Time filter

Source Type

Dorresteijn I.,Lüneburg University | Hanspach J.,Lüneburg University | Kecskes A.,Milvus Group Bird and Nature Protection Association | Latkova H.,Milvus Group Bird and Nature Protection Association | And 5 more authors.
Landscape Ecology | Year: 2014

Facilitating human-carnivore coexistence is a major conservation concern in human-dominated landscapes worldwide. Useful insights could be gained by studying and understanding the dynamics of human-carnivore coexistence in landscapes in which carnivores and humans have coexisted for a long time. We used a two-pronged approach combining ecological and social data to study coexistence of the brown bear (Ursus arctos) and humans in Transylvania, Romania. First, we surveyed 554 km of walking transects to estimate activity via a bear sign index, namely the proportion of anthills disturbed by bears, and used spatially explicit predictive models to test which biophysical and anthropogenic variables influenced bear activity. Second, we interviewed 86 shepherds and 359 villagers and community representatives to assess conflicts with bears and attitudes of shepherds towards bears. Our interdisciplinary study showed that bears and humans coexisted relatively peacefully despite occasional conflicts. Coexistence appeared to be facilitated by: (1) the availability of large forest blocks that are connected to the source population of bears in the Carpathian Mountains; (2) the use of traditional livestock management to minimize damage from bears; and (3) some tolerance among shepherds to occasional conflict with bears. In contrast, bear activity was unrelated to human settlements, and compensation for livestock losses did not influence people's attitudes toward bears. Our study shows that coexistence of humans and carnivores is possible, even without direct economic incentives. A key challenge for settings with a discontinuous history of human-carnivore coexistence is to reinstate both practices and attitudes that facilitate coexistence. © 2014 Springer Science+Business Media Dordrecht.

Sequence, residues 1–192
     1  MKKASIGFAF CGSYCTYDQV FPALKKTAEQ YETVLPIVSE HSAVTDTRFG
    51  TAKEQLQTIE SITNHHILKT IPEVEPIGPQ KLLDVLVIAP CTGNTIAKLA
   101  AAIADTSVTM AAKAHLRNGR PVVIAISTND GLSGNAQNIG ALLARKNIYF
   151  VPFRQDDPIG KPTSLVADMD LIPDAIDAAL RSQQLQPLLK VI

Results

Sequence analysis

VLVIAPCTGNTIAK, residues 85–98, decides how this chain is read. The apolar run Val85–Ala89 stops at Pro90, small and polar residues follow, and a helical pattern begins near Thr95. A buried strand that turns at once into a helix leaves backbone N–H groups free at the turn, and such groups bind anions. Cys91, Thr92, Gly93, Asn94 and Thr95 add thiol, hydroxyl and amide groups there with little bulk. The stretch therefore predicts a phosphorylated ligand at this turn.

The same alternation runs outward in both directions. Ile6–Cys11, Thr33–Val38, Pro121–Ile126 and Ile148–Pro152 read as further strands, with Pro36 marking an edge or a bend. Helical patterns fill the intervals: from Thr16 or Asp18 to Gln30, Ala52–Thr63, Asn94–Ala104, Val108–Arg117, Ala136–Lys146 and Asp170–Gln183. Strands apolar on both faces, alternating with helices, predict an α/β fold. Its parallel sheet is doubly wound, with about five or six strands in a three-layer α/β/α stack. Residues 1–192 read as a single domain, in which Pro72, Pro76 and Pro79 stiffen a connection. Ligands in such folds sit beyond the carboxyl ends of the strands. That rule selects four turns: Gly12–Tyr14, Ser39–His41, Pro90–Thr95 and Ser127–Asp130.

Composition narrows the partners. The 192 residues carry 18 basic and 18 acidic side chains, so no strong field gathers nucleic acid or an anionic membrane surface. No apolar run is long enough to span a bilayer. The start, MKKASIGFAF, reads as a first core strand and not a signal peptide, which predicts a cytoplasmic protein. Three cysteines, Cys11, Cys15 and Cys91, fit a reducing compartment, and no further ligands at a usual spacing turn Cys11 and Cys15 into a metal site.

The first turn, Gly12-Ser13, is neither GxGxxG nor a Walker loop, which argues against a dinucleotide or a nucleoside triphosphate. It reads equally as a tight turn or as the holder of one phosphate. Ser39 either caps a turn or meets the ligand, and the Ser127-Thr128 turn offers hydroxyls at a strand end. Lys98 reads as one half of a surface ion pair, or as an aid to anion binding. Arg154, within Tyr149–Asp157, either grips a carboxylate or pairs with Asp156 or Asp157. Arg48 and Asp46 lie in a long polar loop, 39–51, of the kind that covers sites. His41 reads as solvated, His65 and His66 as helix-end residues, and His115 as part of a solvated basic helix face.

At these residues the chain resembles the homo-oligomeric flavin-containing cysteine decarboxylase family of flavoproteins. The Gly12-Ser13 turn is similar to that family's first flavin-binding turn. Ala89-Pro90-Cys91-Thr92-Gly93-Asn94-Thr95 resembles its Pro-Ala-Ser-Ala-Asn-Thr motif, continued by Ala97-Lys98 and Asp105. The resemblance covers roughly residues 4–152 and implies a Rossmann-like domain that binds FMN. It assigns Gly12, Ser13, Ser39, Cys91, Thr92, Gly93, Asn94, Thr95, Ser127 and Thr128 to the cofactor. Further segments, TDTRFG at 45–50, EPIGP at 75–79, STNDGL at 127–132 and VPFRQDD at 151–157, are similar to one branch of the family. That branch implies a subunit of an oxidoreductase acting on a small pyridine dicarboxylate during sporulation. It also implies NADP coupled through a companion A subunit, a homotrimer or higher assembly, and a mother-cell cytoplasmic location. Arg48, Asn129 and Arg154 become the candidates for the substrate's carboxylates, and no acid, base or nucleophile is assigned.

Vincze O.,Babes - Bolyai University | Vincze O.,Debrecen University | Vagasi C.I.,Babes - Bolyai University | Vagasi C.I.,Debrecen University | And 4 more authors.
Biological Journal of the Linnean Society | Year: 2013